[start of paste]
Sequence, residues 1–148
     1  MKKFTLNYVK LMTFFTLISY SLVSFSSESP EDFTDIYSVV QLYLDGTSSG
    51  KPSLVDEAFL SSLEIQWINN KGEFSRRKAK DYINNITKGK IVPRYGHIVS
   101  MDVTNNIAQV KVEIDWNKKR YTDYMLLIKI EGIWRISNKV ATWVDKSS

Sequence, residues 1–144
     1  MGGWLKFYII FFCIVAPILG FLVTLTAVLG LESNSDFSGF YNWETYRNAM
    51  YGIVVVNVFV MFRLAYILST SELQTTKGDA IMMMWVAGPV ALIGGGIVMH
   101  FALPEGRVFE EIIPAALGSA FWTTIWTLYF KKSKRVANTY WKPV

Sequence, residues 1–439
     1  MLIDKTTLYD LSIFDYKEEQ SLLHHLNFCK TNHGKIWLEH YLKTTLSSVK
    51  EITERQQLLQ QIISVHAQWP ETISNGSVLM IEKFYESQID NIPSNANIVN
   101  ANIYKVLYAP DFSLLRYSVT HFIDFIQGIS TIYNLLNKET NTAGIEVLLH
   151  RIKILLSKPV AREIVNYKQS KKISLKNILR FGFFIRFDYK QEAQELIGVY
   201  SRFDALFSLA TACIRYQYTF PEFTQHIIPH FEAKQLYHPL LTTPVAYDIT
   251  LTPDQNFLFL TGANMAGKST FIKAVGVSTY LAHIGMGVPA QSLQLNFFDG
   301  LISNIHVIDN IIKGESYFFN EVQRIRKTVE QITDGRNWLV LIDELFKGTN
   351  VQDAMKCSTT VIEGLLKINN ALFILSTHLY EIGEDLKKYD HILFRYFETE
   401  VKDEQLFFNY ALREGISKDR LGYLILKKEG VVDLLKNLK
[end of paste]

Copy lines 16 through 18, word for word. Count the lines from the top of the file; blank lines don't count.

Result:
   301  LISNIHVIDN IIKGESYFFN EVQRIRKTVE QITDGRNWLV LIDELFKGTN
   351  VQDAMKCSTT VIEGLLKINN ALFILSTHLY EIGEDLKKYD HILFRYFETE
   401  VKDEQLFFNY ALREGISKDR LGYLILKKEG VVDLLKNLK